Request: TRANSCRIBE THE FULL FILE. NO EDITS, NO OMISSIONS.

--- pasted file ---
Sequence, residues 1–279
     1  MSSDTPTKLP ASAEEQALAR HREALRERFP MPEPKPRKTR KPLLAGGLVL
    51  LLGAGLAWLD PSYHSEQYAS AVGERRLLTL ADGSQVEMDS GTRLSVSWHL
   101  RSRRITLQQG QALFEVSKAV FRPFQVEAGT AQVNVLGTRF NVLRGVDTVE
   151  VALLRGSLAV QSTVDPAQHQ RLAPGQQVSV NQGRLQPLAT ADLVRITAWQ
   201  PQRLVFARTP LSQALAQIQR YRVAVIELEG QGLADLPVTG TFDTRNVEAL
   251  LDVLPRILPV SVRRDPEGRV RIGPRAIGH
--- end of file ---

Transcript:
Sequence, residues 1–279
     1  MSSDTPTKLP ASAEEQALAR HREALRERFP MPEPKPRKTR KPLLAGGLVL
    51  LLGAGLAWLD PSYHSEQYAS AVGERRLLTL ADGSQVEMDS GTRLSVSWHL
   101  RSRRITLQQG QALFEVSKAV FRPFQVEAGT AQVNVLGTRF NVLRGVDTVE
   151  VALLRGSLAV QSTVDPAQHQ RLAPGQQVSV NQGRLQPLAT ADLVRITAWQ
   201  PQRLVFARTP LSQALAQIQR YRVAVIELEG QGLADLPVTG TFDTRNVEAL
   251  LDVLPRILPV SVRRDPEGRV RIGPRAIGH